1860, pear wood, iron fittings, printing-block panels, found on Kangwha Island. 36″ w, 17″d, 34″ h.
This elegantly-styled chest has unique hand-carved Chinese character printing blocks as its front panels. Since it was found on an island that had been the political prison colony for the Kingdom of Korea for two thousand years, it is safe to say a magnificently constructed chest such as this was made for an elite scholar who found disfavor with the Imperial Court and got sent into exile.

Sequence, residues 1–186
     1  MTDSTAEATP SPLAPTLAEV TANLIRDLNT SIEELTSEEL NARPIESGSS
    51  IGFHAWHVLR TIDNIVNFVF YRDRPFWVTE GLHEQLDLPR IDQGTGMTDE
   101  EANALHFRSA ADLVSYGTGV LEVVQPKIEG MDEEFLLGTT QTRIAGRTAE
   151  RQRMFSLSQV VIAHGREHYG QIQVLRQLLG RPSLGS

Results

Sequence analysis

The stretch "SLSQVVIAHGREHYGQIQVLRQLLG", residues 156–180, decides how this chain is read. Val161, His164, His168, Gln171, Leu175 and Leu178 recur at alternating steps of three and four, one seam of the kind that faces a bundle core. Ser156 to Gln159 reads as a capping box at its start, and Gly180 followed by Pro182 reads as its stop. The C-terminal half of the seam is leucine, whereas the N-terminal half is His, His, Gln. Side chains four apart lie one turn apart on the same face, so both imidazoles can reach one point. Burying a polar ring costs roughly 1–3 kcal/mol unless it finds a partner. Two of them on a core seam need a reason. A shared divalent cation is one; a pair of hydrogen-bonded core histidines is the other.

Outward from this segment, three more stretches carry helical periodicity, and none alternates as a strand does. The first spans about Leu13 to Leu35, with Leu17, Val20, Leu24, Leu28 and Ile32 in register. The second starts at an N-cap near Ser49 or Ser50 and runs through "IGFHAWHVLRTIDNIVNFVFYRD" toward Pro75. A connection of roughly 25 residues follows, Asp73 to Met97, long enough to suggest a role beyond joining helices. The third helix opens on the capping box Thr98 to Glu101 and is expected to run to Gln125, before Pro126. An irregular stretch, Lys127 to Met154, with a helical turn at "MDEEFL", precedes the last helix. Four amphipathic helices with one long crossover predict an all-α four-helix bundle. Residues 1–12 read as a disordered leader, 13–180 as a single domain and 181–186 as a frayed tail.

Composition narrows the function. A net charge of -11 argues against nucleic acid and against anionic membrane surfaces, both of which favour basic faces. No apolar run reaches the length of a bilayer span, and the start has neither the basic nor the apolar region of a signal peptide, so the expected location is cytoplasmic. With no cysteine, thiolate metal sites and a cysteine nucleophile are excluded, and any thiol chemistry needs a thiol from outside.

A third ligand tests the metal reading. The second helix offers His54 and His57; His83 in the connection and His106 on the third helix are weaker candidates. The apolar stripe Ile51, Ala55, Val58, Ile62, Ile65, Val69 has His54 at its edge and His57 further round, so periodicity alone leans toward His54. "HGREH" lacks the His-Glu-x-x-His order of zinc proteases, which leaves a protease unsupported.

The Chinese-characters carving is truly impressive. At that era, no scholar could hold high places without knowing Chinese as Korea paid homage to China when it settled in what is now Korea. The panels are recessed with beaded framing. The top panel has everted ends like one on an altar table. The legs curved like cabriole legs seen often in Chinese Qing period, so it is possible this piece might have been made in late 18th century instead of 19th century, a very rare Korean piece indeed. This piece was certified by a Professor of Korean History and Antiquity, one of only thirteen antique certifiers approved by the government. He deemed this chest to be rare and deserves a place in an art institute or museum.